The nerve that travels from your lower back, down your legs, and all the way to your feet is called your sciatic nerve. If something puts pressure on that nerve — such as a bulging or herniated disc, arthritis, or a dysfunctional joint — the pain be excruciating and debilitating. Up to 40% of adults in the US have experienced sciatica at some point in their lives, according to the National Institutes of Health. The good news is that relief may be just a few stretches away. When your sciatica becomes unbearable, our expert doctors here at Modern Concepts in Fort Mill, South Carolina, can help you reclaim your pain-free life through treatments that include chiropractic care, anti-inflammatory medication, physical therapy, and even injections. Because they believe the best course of action is always to begin with the simplest, least-invasive treatment first, here are a few activities they suggest you try at home to relieve your sciatica pain. Stretch it outOne of the best ways to reduce your pain is to stretch the muscles in the sciatic region. Whatever stretches you can do to open up your hips and rotate them gently can help, particularly those that engage the gluteal muscles, your hamstrings, or your piriformis. Your piriformis muscle is the small muscle that comes into play when you rotate or flex your hip, and it’s very close to your sciatic nerve. If this muscle becomes tight or inflamed — called piriformis syndrome — it can cause pressure on your nerve, leaving you in pain. A good way to relax it and reduce the pressure is to open your hip joint out with a targeted stretch position. Here is just one of the many stretches you can try. The leg lift:
Lie on the floor on your back.
Lift your right leg up until it’s at a right angle. Wrap your hands behind your thigh to help.
Bend your left leg.
Put your right ankle on your left knee.
Hold that stretch for a moment or two.
Repeat with the other side.
Create spinal spaceWhen your vertebrae are compressed, usually from bulging or herniated discs, you may experience severe sciatica pain. By creating more space in your spine, you can relieve that pressure and pain. A good way to open up some room in your spine:
Sit on the floor; legs straight.
Bend your right leg and place your foot on the floor outside your left leg.
Put your elbow on the outside of your bent knee and slowly rotate your body toward the right.
Repeat on the other side.
Take up yogaWhen you have sciatica pain, the last thing you want to do is move. Everything seems to make the pain worse. Ironically, movement is often the best thing for you. Especially yoga. The gentle, controlled movements can bring much-needed pain relief, regardless of the source. If piriformis syndrome is causing your sciatica, yoga stretches and poses can be the cure you’ve been looking for. Try pigeon variations, cow face variations, and prone reverse calm poses. Sleep wellBedtime can be a nightmare for sciatica sufferers. If you find it hard to sleep at night because of your sciatica pain, it may be your mattress’s fault. It’s important to invest in a bed that offers you a balance of support and comfort. Here are some important features to keep in mind when choosing the best bed for your sciatica:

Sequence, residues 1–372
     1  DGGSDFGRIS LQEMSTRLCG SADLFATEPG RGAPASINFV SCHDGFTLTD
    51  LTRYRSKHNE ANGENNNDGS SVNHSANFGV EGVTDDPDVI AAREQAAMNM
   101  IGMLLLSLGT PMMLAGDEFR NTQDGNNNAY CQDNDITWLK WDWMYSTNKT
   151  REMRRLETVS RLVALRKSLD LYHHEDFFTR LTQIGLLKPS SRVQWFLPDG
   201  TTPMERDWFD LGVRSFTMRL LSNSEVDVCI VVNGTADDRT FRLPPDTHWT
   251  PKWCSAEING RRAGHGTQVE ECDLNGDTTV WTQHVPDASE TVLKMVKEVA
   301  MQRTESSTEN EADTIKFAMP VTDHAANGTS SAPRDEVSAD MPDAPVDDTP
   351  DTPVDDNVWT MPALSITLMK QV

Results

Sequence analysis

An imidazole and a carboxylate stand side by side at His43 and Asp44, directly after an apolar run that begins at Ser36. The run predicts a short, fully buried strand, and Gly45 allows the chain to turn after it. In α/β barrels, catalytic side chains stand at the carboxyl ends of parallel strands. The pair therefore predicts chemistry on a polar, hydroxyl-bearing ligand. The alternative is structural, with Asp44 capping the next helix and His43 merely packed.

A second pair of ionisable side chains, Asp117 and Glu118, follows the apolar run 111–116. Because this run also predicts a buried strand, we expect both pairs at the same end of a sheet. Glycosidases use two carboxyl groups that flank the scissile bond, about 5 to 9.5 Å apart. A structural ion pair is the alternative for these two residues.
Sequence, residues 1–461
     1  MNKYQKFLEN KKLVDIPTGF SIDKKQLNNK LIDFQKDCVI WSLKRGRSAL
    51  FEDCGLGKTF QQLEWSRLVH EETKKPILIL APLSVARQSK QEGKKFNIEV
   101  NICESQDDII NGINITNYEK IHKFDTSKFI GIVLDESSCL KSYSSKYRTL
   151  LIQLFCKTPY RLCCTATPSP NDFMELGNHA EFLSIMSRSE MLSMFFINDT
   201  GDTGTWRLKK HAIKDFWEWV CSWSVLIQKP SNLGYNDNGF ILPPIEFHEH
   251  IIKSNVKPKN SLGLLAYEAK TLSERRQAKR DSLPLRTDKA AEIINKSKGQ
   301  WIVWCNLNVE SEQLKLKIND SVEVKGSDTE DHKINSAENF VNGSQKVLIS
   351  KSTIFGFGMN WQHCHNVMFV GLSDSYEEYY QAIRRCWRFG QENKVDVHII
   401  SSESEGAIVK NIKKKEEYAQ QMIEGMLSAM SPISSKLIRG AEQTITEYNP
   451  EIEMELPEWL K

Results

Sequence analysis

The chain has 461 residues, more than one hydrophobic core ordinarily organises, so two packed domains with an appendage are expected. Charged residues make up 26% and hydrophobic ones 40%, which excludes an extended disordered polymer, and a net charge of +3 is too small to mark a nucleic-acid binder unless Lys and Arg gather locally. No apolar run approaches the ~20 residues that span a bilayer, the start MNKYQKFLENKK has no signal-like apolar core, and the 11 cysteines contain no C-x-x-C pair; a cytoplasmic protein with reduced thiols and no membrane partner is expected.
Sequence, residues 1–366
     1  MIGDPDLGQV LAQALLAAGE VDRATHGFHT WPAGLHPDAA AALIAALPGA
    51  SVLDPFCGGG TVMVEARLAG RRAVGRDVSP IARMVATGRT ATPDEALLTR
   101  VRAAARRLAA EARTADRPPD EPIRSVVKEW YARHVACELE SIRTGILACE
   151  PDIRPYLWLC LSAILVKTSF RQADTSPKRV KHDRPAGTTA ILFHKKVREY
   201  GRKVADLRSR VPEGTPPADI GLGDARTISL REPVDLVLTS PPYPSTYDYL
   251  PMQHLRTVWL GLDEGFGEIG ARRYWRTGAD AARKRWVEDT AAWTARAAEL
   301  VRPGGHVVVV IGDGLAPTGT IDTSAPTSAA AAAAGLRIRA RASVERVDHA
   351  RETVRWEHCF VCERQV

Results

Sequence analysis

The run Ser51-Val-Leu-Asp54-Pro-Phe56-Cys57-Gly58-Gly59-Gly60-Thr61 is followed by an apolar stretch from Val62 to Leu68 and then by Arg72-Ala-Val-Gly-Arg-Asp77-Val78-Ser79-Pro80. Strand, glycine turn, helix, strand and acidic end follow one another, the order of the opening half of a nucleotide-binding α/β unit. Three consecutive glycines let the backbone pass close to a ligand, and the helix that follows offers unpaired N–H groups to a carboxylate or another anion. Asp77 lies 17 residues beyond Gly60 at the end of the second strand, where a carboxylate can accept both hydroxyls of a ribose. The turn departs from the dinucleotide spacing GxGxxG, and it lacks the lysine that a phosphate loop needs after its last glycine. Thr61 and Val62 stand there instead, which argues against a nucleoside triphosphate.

Medium firmness: If your mattress is too soft, it doesn’t give you the support you need; you’ll sink in during the night and wake up in pain.
Comfort and contour: A mattress that conforms to your body will reduce the stress on your spine and hips.
Side support: It’s important that the edges of your bed are firm enough to support you as you get in and out.
Pay attention to postureWhile proper posture won’t cure your sciatica, bad posture can make it worse. Your spine is designed to curve gently in the seated position, but when you sit for hours at a time, you tend to slouch and change that ideal position. That puts extra pressure on the spine and aggravates sciatica. Here are some simple things you can do to keep your posture from adding to your pain:
Use a chair with good lumbar support
Roll a small towel and place it behind you when you sit or drive.
Keep your feet flat on the floor, and don’t cross your legs.
Get up and walk around frequently.
Whichever tip you try to reduce your sciatica pain, it’s always best to check in with our doctors here at Modern Concepts first to make sure the activity you choose is safe for you. Call us today or click our “Book Online” button to schedule an appointment.